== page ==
Tharston sign

Vittoria

The house known as Vittoria was one of the buildings erected by Sir R. Harvey and named after a battle at a place called Vittoria during the Peninsular War where the combined army of British, Portuguese and Spanish soldiers defeated the French.

Below is the original plan for Vittoria dated 1829

The design for Vittoria was originally proposed for a house at St Leonard‘s in 1829. The text at the bottom reads, ”Proposed plan of house built 1847 at Tharston, Norfolk belonging to Sir R Harvey, near the brick kiln, but not carried out as the back walls were built higher and 1 bedroom made at the back. The layout of the house is pretty much the same today.

The above is an enlargement of the architect's impression of the house.

The image above is a stone plaque set above the door of Vittoria showing the build date of 1847 and its connection to the brick kiln.

Another local connection ...

Looking around a local churchyard I found this reference to Vittoria .....

In Mulbarton churchyard is a memorial with the inscription:

Sir William Bellairss
Born 10th October 1793s
Died 2nd October 1863

Served in the 15th Kings Hussars
at Morales, Vittoria, Pyreneess
Pampeluna, Orthes, Tarbes, Toulouse,
Quatre Bras, Waterloo

There is also an inscription to his wife on the side of the memorial:

CASSANDRA LADY BELLAIRS
wife of the above Daughter and Heiress
of the late Edmund Hooke of Mulbarton
died 1st November 1876 aged 77 years

SIR WILLIAM BELLAIRS, Kt., of Mulbarton Lodge, Mulbarton, Norfolk, was a magistrate for the county. He was the 4th and youngest son of the late Abel Walford Bellairs, Esq., of Uffington, Lincolnshire, High Sheriff of Rutlandshire, and was descended from the ancient family of Bellairs, of Kirby Bellairs, near Melton Mowbray, Leicestershire. Sir William joined the 15th Hussars in 1811, and retired from that regiment as a Captain in 1 819. During his time he fought in the Peninsular Campaigns of 1813 and 14, participating in the battles of Morales, Vittoria, the Pyrenees, Pampeluna, Orthes, Tarbes, and Toulouse. He was also present in the great actions of 1815, Quatre Bras, the preliminary engagement to the decisive Battle of Waterloo that occurred two days later, and at Waterloo. In the retreat from Quatre Bras, he had a horse killed from under him, and at Waterloo was wounded twice.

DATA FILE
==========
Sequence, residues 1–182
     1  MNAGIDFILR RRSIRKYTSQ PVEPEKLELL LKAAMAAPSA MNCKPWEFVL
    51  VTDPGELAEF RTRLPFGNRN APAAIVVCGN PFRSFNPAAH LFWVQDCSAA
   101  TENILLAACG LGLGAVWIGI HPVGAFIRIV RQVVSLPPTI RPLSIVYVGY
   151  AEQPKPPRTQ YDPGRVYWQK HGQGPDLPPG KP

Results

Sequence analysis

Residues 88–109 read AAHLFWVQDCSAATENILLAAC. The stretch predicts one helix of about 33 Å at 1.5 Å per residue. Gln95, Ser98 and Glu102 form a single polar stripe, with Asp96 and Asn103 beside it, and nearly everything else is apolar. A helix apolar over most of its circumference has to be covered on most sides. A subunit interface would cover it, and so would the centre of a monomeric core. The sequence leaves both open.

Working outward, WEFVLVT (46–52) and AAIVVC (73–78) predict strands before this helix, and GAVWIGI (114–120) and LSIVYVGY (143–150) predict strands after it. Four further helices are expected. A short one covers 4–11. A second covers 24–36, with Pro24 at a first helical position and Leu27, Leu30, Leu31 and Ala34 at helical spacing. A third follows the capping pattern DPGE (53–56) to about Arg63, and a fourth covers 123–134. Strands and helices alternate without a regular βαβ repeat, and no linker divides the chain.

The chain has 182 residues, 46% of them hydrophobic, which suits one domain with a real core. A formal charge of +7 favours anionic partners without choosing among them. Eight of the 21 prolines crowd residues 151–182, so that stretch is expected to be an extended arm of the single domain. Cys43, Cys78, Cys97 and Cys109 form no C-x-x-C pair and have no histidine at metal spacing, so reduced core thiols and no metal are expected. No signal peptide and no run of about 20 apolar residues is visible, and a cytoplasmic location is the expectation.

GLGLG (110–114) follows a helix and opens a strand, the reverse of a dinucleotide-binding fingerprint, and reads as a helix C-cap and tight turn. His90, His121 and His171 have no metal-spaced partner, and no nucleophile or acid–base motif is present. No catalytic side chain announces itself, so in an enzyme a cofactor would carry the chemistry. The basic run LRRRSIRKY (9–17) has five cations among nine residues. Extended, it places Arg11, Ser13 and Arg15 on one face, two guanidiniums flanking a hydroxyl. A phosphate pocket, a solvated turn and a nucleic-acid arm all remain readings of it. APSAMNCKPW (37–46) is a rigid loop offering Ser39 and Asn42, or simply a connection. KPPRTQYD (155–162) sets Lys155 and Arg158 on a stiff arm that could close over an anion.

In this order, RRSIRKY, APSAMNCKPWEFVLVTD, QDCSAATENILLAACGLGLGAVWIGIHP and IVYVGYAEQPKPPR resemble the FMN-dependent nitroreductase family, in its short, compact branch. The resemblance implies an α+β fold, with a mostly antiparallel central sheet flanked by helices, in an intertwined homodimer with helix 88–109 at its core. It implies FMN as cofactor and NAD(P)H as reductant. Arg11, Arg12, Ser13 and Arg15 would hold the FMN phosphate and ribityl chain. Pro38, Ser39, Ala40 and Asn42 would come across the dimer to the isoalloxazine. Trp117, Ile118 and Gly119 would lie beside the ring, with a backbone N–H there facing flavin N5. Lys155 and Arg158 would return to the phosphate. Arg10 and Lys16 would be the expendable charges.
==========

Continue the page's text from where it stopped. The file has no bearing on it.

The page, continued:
After the war he went to Trinity Hall, Cambridge.

In 1822 Sir William Bellairs married Cassandra Wilson Hooke, daughter and heiress of the late Edmund HOOKE, Esq., Barrister-at-Law, of Norwich, and of Mulbarton Lodge, the descendant of a family of long standing in Norfolk.

His children were Edmund Hooke Wilson Bellairs, Capt. Leopold Bellairs and Lieut. Gen. William Bellairs, K.C.M.G. - C.B. Some have their own interesting stories.

In 1837, Sir William received the appointment of one of Her Majesty’s Exons in the Yeomen Body Guard. “THE Queen has been pleased to appoint Edmund Hooke Wilson Bellairs, Esq. (late Lieutenant of the 7th Royal Fusiliers), Exon of Her Majesty’s Body Guard of the Yeomen of the Guard, vice Sir William Bellairs, resigned.” - The Edinburgh Gazette. The Queen was this day pleased to confer the honour of Knighthood upon Captain William Bellairs, Senior Exon of Her Majesty’s Guard of Yeomen of the Guard.” - The London Gazette, 19th May, 1848.

He died on 2nd October, 1863, aged 69 at 7 Osnaburgh St, St Pancras, Middlesex, England but was buried in Mulbarton as it was his ‘home’.

So a link to Vittoria! Also a link between the villages of Mulbarton and Tharston.


Mulbarton St Mary Magdalen Church


Entrance porch on southern side


Bellairs memorial at rear of original graveyard



Notes:


Page last updated: 5 Aug 2022
© Nigel Peacock 2021